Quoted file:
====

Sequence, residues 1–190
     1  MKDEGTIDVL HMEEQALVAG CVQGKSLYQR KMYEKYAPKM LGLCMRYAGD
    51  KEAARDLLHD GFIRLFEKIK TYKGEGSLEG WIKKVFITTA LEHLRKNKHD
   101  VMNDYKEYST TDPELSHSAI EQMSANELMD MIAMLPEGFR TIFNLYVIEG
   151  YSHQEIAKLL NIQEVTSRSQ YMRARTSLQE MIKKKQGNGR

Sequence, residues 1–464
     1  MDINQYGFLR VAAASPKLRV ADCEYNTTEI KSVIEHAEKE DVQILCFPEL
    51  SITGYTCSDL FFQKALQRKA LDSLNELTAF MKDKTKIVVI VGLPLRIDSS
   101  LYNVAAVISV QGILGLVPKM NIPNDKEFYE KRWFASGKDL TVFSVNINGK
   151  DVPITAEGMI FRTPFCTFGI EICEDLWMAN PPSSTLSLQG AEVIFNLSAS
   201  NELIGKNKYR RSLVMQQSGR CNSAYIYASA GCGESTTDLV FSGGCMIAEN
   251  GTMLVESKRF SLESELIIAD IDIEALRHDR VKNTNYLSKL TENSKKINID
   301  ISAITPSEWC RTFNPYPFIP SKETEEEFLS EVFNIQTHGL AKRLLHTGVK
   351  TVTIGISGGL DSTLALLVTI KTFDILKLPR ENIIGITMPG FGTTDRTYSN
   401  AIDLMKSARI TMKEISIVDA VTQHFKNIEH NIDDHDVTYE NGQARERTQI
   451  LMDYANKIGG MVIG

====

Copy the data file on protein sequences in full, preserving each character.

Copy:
Sequence, residues 1–190
     1  MKDEGTIDVL HMEEQALVAG CVQGKSLYQR KMYEKYAPKM LGLCMRYAGD
    51  KEAARDLLHD GFIRLFEKIK TYKGEGSLEG WIKKVFITTA LEHLRKNKHD
   101  VMNDYKEYST TDPELSHSAI EQMSANELMD MIAMLPEGFR TIFNLYVIEG
   151  YSHQEIAKLL NIQEVTSRSQ YMRARTSLQE MIKKKQGNGR

Sequence, residues 1–464
     1  MDINQYGFLR VAAASPKLRV ADCEYNTTEI KSVIEHAEKE DVQILCFPEL
    51  SITGYTCSDL FFQKALQRKA LDSLNELTAF MKDKTKIVVI VGLPLRIDSS
   101  LYNVAAVISV QGILGLVPKM NIPNDKEFYE KRWFASGKDL TVFSVNINGK
   151  DVPITAEGMI FRTPFCTFGI EICEDLWMAN PPSSTLSLQG AEVIFNLSAS
   201  NELIGKNKYR RSLVMQQSGR CNSAYIYASA GCGESTTDLV FSGGCMIAEN
   251  GTMLVESKRF SLESELIIAD IDIEALRHDR VKNTNYLSKL TENSKKINID
   301  ISAITPSEWC RTFNPYPFIP SKETEEEFLS EVFNIQTHGL AKRLLHTGVK
   351  TVTIGISGGL DSTLALLVTI KTFDILKLPR ENIIGITMPG FGTTDRTYSN
   401  AIDLMKSARI TMKEISIVDA VTQHFKNIEH NIDDHDVTYE NGQARERTQI
   451  LMDYANKIGG MVIG